The money collected from union members has helped make teachers, prison guards and nurses among the most powerful interest groups in Sacramento. They overwhelmingly support Democrats, who control both chambers of the Legislature and every statewide office.
While labor led the No on Prop. 32 fight, businesses and wealthy Republicans funded the opposing campaign.
Prominent supporters include Stanford physicist Charles Munger Jr., the son of billionaire Berkshire Hathaway Inc. Vice Chairman Charles Munger, who has donated more than $10 million, and former Univision chief executive Jerry Perenchio, a frequent Republican donor, who has given $800,000.
More than $4 million came from the American Future Fund, an Iowa-based organization that supports conservative causes with ties to billionaires Charles and David Koch, who have provided crucial support to the tea party.
Other contributions have been more mysterious. The Fair Political Practices Commission filed a successful lawsuit seeking the records of the Phoenix-based Americans for Responsible Leadership after the group made an $11 million contribution to the Small Business Action Committee PAC. The political action committee is supporting a dual campaign to pass Proposition 32 and defeat Gov. Jerry Brown's November tax initiative.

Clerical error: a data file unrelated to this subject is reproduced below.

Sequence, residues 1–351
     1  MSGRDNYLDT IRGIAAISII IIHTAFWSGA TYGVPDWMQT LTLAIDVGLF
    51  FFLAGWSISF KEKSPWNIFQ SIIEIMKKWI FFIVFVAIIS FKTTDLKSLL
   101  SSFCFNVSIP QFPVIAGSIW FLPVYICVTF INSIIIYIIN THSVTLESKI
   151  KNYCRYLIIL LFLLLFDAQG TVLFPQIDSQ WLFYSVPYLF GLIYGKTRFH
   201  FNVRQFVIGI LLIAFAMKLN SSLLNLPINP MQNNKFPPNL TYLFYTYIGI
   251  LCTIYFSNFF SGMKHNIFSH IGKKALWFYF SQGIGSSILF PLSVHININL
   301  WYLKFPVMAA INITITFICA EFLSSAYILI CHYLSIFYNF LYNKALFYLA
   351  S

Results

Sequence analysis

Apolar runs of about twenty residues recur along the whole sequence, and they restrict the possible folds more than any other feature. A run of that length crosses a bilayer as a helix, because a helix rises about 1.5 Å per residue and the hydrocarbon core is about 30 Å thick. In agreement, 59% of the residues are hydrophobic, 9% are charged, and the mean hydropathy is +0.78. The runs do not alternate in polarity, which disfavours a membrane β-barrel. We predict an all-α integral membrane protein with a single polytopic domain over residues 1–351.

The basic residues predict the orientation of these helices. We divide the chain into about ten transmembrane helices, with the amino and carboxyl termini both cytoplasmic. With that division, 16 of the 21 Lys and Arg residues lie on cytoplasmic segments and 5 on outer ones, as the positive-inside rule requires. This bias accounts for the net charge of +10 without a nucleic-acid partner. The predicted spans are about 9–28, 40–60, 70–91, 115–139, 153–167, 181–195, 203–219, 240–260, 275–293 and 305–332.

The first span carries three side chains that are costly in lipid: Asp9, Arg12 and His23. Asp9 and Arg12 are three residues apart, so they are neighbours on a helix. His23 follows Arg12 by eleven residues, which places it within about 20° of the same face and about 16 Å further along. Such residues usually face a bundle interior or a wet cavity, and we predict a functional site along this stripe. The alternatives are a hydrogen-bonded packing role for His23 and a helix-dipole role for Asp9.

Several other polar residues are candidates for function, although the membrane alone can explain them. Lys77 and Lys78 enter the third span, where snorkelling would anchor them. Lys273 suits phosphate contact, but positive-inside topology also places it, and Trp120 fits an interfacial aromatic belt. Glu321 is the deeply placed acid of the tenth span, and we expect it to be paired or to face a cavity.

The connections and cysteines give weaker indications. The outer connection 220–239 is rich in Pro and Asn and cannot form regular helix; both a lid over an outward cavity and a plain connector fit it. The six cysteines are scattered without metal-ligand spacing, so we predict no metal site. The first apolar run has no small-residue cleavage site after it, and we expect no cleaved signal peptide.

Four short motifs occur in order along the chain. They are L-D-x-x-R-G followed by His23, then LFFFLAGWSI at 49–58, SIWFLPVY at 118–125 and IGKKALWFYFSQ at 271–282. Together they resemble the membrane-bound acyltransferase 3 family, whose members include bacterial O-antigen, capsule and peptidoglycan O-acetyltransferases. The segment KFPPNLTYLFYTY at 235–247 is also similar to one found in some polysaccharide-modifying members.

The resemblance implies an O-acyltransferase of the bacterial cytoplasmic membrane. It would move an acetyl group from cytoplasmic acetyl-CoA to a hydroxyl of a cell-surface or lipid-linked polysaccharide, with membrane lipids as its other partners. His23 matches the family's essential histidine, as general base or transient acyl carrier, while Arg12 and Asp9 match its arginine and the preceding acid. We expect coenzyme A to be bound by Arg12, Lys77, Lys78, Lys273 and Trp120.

The lawsuit revealed that a secondary group, again with ties to the Koch brothers, was behind some of the out-of-state money.
Art Pulaski, executive-secretary treasurer of the California Labor Federation, which represents more than 2 million members, said the rejection of Proposition 32 represents a victory against right-wing billionaires trying to influence California voters.
"Now that we know that the Koch brothers are behind it, even though they don't admit it, we want to let them know they can't dismantle the democratic voice," Pulaski said in an interview.
Supporters had described Proposition 32 as a cure-all for special-interest politics by prohibiting corporations and unions from making donations directly to state candidates. Email and telephone messages left for the campaign weren't immediately returned early Wednesday.